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Forest & Bird and Federated Mountain Clubs are taking court action over management of Paparoa National Park.
The judicial review filed in the High Court yesterday challenges a New Zealand Conservation Authority decision to approve the Paparoa National Park Management Plan, which now allows helicopter landings.
“The West Coast Conservation Management Strategy (WCCMS) clearly sets down the undesirability of aircraft in Paparoa National Park, as one of the few parks where natural quiet predominates,” says Forest & Bird Canterbury West Coast Regional Manager Nicky Snoyink.
WCCMS page 206:
Paparoa National Park stands as a premier example of natural New Zealand. It is one of the few national parks where natural quiet predominates and is a sanctuary for a diversity of nationally and internationally important geological features and indigenous plants and animals.
WCCMS page 216:
The Department advocates strongly against scenic flights over the Park and Paparoa Wilderness Area (see Map 11), so that people can continue to enjoy the natural quiet of these places.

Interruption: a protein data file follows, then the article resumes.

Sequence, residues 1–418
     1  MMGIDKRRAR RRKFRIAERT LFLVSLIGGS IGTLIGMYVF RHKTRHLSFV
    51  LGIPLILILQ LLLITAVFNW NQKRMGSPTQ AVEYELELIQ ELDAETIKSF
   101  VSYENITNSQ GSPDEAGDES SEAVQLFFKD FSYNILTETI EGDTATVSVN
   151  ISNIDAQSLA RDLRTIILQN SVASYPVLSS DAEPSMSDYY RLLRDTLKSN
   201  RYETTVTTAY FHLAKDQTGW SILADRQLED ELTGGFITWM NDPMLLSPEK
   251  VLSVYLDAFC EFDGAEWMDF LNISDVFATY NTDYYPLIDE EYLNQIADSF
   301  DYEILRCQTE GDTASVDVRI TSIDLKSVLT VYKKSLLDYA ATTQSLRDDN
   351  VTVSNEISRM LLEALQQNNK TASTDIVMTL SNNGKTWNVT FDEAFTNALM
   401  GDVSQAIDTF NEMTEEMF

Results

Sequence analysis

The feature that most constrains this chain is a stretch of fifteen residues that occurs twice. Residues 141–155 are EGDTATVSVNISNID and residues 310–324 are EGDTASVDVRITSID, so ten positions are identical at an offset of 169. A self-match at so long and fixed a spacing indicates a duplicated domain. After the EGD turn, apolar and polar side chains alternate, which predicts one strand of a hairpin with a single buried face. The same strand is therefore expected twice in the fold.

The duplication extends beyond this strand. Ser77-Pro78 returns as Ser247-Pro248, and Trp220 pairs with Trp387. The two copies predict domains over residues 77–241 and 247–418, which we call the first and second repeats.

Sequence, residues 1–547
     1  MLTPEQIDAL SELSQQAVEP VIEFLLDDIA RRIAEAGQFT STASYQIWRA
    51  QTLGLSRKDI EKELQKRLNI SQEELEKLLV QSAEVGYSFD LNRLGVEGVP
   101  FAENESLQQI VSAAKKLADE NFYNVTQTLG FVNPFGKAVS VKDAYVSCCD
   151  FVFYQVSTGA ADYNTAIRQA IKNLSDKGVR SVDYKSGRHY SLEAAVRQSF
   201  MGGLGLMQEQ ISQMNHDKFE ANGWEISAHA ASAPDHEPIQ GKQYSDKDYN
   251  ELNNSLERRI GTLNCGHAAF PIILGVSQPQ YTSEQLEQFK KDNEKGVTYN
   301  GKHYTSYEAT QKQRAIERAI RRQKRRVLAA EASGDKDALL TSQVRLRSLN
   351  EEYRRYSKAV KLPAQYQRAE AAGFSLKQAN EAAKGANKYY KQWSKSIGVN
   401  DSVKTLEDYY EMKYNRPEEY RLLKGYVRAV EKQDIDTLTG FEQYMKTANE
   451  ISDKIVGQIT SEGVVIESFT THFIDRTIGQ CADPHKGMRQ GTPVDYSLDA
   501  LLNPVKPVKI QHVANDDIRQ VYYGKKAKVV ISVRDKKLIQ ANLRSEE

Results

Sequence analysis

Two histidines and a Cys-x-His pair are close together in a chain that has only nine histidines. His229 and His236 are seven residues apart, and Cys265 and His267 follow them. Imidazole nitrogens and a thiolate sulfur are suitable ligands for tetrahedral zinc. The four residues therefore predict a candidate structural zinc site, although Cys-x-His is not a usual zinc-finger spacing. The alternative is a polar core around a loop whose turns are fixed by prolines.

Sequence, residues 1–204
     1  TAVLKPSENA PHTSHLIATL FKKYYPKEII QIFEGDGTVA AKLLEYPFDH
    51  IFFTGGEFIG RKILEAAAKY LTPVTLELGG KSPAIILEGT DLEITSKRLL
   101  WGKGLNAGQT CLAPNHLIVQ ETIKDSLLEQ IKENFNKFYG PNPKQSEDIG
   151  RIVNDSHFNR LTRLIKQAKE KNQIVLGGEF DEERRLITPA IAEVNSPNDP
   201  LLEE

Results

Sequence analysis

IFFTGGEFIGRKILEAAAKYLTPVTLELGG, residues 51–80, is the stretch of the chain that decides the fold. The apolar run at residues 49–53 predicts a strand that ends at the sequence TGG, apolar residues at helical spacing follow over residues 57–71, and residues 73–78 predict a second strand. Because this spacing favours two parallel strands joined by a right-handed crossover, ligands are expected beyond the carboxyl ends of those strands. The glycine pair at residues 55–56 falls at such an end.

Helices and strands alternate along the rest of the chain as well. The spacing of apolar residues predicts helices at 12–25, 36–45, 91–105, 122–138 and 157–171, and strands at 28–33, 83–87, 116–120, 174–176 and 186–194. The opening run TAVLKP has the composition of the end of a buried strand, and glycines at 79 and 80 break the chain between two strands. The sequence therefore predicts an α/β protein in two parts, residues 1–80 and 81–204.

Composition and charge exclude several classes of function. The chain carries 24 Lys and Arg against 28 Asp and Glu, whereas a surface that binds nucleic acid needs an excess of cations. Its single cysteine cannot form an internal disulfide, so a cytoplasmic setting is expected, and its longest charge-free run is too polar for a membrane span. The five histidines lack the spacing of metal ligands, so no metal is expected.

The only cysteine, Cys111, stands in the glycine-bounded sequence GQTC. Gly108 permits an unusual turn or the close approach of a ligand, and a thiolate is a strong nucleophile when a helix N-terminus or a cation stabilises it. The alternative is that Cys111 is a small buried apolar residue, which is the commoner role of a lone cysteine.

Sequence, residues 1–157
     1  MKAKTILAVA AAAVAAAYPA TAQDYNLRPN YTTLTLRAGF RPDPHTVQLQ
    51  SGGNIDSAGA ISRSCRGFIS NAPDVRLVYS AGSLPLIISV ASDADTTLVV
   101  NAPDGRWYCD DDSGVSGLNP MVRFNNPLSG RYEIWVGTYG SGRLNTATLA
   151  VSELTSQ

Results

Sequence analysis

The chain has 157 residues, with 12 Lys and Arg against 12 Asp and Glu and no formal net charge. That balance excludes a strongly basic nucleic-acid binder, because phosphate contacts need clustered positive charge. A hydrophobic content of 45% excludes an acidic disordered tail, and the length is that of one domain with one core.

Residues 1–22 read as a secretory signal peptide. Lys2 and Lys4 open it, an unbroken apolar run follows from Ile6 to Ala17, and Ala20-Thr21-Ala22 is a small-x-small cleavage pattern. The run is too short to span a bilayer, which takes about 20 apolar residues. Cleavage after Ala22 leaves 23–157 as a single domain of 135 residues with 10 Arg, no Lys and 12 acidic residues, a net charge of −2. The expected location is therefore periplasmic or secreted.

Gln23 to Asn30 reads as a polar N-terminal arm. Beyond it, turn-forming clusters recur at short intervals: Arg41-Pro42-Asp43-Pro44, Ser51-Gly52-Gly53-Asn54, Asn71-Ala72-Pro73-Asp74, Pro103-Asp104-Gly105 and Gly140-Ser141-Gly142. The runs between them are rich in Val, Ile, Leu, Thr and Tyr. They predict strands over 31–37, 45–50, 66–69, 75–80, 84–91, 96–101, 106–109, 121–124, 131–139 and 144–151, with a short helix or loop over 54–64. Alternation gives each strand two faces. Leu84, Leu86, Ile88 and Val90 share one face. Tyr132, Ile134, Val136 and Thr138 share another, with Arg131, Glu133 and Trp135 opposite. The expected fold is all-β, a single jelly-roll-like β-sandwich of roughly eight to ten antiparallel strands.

“That conservation management strategy is the overarching conservation planning document for the region. Changing the National Park plan to breach the management strategy means breaking an legally-mandated agreement that has been reached with the public, as well as undermining protection in the region,” says Ms Snoyink.
Conservation planning documents have a clear hierarchy, including the National Park Act at the top, then regional conservation management strategies, then other more local plans. A National Park Management Plan should not derogate from higher order planning documents.
“It is crucial that proper process is followed and it’s clear that this has gone badly awry – allowing it to go unchallenged would risk setting a poor precedent for other national park management plans.
“The parts of the plan that refer to aircraft other than for park management purposes need to be quashed. That natural quiet is one of the reasons Paparoa National Park is so special,” says Ms Snoyink.
“In national parks, we need to keep protection of nature at the heart of what we do.”

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